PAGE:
The Cost of Childbirth: How women are paying the price for broken promises on aid

November 3, 2010

One women dies every minute as a result of problems in pregnancy or childbirth. The vast majority of these deaths are avoidable. Yet on current trends the international target of reducing maternal deaths by three-quarters by 2015 will be missed. Northern governments could transform the prospects of reaching the target by increasing the aid that they give to the poorest countries. It would cost $4bn extra aid a year to save half a million lives a year. Yet they have failed to act. The G8 countries should signal a shift in priorities by setting a timetable for meeting the UN target of devoting 0.7 per cent of their Gross National Product to aid for human development.

Ending the R&D Crisis in Public Health: Promoting pro-poor medical innovation

November 3, 2010

Diseases that disproportionately affect the developing world cause immense suffering and ill health. Medical innovation has the potential to deliver new medicines, vaccines, and diagnostics to overcome these diseases, yet few treatments have emerged. Current efforts to resolve the crisis are inadequate: financing for research and development (R&D) is insufficient, uncoordinated, and mostly tied to the system of intellectual property rights. Delivering appropriate medicines and vaccines requires reforms to the existing R&D system and a willingness to invest in promising new approaches.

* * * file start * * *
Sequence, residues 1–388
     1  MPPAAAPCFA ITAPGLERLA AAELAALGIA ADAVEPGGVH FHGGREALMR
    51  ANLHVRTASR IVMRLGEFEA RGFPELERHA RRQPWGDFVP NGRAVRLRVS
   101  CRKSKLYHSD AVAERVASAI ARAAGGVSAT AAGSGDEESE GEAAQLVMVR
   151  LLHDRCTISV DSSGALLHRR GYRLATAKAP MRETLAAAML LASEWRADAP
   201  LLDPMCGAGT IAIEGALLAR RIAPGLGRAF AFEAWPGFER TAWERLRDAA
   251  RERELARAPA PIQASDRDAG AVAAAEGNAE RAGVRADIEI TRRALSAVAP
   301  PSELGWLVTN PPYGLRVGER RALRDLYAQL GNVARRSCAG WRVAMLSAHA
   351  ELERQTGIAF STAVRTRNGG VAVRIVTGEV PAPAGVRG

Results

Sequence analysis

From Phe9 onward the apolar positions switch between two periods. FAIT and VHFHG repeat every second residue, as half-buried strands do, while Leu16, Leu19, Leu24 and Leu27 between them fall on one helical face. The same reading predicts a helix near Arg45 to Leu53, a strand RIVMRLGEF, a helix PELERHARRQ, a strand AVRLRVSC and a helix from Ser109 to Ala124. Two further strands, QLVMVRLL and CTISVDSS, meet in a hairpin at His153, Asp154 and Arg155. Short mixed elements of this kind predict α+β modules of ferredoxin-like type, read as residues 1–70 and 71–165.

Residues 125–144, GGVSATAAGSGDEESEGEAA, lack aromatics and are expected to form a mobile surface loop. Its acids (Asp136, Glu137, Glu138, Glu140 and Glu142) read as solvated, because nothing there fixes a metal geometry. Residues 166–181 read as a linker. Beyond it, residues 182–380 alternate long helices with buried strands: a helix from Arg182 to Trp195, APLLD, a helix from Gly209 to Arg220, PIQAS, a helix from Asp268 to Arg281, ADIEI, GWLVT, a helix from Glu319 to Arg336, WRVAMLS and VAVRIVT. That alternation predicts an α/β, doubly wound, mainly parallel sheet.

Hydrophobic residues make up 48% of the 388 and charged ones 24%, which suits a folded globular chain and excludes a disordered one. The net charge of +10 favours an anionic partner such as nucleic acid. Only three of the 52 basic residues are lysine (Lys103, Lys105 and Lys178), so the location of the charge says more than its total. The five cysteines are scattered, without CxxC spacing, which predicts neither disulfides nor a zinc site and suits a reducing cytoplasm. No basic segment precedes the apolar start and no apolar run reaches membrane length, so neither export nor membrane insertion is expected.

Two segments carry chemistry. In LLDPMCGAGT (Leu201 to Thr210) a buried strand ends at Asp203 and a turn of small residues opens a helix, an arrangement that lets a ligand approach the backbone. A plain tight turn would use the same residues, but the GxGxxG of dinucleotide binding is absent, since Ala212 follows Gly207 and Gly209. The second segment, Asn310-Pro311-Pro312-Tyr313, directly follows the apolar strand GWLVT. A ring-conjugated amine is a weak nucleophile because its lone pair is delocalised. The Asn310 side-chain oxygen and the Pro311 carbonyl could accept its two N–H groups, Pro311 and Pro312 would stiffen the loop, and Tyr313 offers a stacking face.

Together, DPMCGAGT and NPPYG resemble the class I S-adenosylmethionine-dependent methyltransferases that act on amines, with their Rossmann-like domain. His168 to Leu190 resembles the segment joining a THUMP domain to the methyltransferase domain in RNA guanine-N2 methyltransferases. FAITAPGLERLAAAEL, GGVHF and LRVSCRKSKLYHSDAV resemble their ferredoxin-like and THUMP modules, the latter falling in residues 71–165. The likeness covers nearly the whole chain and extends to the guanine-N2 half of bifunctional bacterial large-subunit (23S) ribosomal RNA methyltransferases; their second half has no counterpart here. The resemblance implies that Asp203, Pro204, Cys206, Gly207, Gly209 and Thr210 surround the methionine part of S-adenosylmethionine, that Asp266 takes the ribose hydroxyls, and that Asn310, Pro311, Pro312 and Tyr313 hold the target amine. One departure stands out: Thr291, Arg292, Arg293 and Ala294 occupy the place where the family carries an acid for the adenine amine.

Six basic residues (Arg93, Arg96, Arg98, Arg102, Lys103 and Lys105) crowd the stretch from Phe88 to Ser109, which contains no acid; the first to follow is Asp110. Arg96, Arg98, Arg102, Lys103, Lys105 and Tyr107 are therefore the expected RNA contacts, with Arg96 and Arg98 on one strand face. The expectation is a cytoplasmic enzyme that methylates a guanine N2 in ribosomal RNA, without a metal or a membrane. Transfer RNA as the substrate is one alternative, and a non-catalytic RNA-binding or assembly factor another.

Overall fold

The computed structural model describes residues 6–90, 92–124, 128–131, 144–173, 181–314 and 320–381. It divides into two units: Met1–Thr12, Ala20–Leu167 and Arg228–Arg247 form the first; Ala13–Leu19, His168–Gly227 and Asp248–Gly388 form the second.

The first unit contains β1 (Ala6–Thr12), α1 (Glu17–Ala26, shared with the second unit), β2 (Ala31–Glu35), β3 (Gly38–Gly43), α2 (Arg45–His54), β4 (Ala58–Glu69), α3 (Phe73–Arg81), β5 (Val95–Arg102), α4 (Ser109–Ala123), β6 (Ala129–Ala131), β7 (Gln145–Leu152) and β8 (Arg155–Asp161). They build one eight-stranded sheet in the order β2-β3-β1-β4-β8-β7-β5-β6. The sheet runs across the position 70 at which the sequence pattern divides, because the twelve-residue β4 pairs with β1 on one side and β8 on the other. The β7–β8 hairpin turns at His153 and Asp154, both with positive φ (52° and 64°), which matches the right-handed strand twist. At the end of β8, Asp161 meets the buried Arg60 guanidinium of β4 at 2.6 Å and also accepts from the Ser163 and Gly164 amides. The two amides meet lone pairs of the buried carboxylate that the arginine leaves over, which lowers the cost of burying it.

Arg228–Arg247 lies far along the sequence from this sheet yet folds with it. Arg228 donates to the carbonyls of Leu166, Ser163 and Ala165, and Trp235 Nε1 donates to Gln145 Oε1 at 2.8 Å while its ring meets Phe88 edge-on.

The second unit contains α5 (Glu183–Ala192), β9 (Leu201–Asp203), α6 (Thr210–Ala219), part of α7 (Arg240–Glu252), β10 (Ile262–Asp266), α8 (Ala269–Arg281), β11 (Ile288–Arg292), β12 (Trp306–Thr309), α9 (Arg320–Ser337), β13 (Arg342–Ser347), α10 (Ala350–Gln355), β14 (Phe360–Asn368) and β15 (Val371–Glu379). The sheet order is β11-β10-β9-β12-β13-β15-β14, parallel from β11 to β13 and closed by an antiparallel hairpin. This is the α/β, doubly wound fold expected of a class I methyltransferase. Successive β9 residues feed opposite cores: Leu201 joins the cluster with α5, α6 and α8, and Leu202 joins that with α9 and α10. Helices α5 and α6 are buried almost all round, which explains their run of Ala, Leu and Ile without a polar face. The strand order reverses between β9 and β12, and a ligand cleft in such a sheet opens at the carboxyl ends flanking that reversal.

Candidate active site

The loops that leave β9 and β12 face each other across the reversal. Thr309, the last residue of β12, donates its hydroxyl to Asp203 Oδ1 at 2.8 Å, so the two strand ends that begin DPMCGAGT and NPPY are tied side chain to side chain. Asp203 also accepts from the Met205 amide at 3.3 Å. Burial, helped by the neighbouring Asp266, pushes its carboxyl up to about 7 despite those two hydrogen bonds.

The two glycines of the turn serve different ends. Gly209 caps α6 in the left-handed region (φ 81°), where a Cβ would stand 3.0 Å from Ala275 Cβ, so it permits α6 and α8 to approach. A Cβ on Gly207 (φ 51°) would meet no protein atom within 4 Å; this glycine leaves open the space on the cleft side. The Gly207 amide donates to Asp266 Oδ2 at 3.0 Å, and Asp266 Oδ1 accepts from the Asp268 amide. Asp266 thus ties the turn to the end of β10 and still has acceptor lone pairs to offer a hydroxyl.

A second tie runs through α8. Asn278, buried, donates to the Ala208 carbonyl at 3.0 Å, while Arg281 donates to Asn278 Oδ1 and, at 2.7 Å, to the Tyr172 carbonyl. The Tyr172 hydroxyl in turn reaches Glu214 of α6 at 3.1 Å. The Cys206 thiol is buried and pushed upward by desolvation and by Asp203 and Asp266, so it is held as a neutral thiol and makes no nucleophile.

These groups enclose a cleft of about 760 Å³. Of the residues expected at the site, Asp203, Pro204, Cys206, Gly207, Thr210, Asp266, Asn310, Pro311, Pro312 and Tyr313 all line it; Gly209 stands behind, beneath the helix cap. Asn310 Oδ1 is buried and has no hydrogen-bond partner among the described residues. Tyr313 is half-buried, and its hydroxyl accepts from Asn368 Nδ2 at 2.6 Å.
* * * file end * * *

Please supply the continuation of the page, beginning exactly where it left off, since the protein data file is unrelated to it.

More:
Patents Versus Patients: Five years after the Doha Declaration

November 3, 2010

Five years ago, members of the World Trade Organisation (WTO) signed a ministerial agreement to ensure that intellectual property rules would no longer obstruct developing countries' efforts to protect public health. Since then, however, little has changed. Patented medicines continue to be priced out of reach for the world's poorest people. Trade rules remain a major barrier to accessing affordable versions of patented medicines (generic medicines). The prevalence of debilitating and life-threatening diseases in poor countries is growing, but medicines are simply not available. Urgent action is needed.